60-year old sewer problem causes park pollution

ROCKLAND, Maine (NEWS CENTER) -- The biggest public park in Rockland has been closed for more than a month because of pollution. But it turns out the cause was not what city officials first thought.

Snow Marine Park was closed for all uses except the boat launch because of very high levels of E. coli bacteria in the water. The bacteria were found as a result of water tests of two pipes emptying into the harbor near the boat launch.

The city suspected the problem was dog waste, so they closed the park for clean up. Snow Marine Park is a large, open field and marsh area, and has been a popular spot for dog owners to let their pets run.

Terry Pinto, Rockland Pollution Control Director, says dog waste contains more bacteria than human waste contains, - so it can easily contribute to pollution. He says city crews cleaned up about "100 piles" of dog waste, and then treated the ground in the park to neutralize bacteria.

Water in a test pit showed minimal bacteria after that.

But the city also discovered that three houses across the street from the park had their sewer lines connected to the storm sewer that drains into the harbor. That meant raw sewage was going directly into the water. The problem, says Pinto, had been there for sixty years or more and no one knew it.

Repair crews have been installing a new sewer line to fix the problem with the houses, and also connect another nearby building into the sewer. Pinto says that should eliminate the E Coli. He also said it may be a symptom of wider problems with Rockland's aging sewer system, parts of which are a century old. Pinto said the city has started a full evaluation of all the pipes, using video cameras to look for leaks or bad connections.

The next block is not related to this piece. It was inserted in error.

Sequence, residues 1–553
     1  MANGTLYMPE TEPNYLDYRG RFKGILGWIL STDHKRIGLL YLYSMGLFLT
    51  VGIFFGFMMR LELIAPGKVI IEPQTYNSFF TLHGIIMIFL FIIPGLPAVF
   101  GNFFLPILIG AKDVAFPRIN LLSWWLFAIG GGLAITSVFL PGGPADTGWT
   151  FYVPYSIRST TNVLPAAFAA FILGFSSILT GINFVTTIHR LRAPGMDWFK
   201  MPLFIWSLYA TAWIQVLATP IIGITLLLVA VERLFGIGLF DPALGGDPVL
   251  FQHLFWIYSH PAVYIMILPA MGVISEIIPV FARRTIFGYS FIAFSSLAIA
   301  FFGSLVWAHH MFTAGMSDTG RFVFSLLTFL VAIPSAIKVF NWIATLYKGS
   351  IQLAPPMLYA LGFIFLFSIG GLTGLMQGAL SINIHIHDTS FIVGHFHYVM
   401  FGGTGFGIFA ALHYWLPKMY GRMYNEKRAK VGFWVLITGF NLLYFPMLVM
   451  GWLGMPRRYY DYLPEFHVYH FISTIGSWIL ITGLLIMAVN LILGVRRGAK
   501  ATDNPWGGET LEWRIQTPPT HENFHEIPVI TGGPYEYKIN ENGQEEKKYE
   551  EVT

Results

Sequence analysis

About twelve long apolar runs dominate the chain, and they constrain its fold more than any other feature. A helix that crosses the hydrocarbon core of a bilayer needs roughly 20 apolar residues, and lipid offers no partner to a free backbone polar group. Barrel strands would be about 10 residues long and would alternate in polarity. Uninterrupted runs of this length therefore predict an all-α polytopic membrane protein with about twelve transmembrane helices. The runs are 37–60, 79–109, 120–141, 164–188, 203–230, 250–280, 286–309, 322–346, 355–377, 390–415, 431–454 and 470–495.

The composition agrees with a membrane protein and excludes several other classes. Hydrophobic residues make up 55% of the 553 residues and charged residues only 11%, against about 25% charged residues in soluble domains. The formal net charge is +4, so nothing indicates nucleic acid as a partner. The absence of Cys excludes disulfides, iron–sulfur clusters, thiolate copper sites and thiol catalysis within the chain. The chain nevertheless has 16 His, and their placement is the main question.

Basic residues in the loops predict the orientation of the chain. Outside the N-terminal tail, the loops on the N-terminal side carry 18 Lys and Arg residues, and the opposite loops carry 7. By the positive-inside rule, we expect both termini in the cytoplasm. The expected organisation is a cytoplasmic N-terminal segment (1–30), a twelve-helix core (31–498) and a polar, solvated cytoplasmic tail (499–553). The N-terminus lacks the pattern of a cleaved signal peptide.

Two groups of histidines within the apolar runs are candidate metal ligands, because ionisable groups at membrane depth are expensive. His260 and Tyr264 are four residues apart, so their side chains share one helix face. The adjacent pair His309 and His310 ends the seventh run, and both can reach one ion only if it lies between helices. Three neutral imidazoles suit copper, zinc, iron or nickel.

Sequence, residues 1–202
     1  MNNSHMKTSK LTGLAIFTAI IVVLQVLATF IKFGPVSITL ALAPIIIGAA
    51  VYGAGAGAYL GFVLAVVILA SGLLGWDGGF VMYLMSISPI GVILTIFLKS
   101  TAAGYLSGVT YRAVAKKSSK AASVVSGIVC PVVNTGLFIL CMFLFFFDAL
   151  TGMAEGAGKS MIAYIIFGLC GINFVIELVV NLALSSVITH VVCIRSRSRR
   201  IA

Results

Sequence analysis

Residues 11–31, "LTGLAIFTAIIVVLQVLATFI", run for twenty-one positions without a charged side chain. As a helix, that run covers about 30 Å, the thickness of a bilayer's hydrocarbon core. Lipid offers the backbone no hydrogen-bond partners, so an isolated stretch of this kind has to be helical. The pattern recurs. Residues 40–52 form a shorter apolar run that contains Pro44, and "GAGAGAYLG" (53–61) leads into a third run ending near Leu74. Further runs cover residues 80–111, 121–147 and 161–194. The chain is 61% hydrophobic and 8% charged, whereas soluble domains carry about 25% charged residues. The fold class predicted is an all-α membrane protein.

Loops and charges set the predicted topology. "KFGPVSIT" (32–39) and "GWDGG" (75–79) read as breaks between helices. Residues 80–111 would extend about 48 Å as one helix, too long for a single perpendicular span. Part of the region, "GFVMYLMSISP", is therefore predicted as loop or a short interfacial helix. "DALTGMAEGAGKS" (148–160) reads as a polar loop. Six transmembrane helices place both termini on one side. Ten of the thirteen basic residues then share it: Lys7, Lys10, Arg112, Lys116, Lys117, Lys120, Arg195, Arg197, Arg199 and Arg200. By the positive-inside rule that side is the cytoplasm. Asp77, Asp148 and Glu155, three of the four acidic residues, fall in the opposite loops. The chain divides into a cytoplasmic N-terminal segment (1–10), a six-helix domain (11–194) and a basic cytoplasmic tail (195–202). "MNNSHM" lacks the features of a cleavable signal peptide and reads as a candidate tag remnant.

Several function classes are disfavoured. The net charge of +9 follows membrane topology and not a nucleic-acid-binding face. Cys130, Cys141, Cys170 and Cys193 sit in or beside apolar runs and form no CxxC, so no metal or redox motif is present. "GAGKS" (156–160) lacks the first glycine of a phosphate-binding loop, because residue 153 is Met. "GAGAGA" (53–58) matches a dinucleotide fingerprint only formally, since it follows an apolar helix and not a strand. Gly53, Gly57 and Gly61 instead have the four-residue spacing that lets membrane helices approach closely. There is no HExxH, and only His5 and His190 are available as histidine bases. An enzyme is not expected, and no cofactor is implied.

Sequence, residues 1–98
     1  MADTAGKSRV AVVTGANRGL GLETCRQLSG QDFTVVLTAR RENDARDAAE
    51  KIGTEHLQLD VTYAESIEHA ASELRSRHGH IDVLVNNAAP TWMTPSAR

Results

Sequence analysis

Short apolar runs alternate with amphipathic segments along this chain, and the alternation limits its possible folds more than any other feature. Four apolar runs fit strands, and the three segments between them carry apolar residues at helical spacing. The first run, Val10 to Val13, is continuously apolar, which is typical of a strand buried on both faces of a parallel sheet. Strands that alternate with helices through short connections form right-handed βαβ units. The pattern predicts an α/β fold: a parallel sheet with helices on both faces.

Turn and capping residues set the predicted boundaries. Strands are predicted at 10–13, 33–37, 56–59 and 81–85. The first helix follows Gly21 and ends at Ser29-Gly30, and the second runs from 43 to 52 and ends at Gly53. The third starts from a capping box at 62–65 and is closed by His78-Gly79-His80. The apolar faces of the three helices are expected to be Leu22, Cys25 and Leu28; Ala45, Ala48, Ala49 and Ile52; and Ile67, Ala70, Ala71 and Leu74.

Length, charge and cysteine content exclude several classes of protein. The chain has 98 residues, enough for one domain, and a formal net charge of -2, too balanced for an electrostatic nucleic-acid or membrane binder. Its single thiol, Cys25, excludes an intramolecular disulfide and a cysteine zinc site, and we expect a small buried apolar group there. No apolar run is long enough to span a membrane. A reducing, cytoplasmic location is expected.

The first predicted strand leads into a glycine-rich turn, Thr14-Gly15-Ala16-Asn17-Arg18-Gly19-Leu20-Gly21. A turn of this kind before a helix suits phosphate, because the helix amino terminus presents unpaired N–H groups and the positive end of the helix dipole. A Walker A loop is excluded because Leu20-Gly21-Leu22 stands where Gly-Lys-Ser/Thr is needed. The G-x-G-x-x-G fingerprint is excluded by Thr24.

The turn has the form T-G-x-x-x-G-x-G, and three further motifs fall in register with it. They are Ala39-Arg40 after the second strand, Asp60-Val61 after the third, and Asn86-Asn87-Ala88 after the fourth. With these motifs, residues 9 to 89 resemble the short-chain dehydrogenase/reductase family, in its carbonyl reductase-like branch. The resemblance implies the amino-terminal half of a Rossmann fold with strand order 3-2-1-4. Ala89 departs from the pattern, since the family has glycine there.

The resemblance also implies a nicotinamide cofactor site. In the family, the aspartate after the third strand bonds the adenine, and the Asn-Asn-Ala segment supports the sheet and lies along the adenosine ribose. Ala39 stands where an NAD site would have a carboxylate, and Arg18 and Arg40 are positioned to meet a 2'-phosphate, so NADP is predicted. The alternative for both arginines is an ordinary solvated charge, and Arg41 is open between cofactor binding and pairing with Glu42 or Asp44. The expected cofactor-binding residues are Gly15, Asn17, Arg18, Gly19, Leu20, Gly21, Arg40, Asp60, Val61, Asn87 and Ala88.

Pinto said many other communities in Maine face similar issues with aging sewer systems.

As for the park, he said with the sewer problem fixed and all the dog waste cleaned up, the city should be able to reopen the park soon.

Interim city manager Tom Luttrell said once they have acceptable E Coli tests, he will reopen the park.

Dogs, however, may face a longer wait. Luttrell said the City Council will have to make that decision, and could prohibit dogs from May through October, which is done in several other Rockland parks and playgrounds.

Luttrell said there has been talk in the past of creating an actual dog park, but says it has never come up for a council vote.


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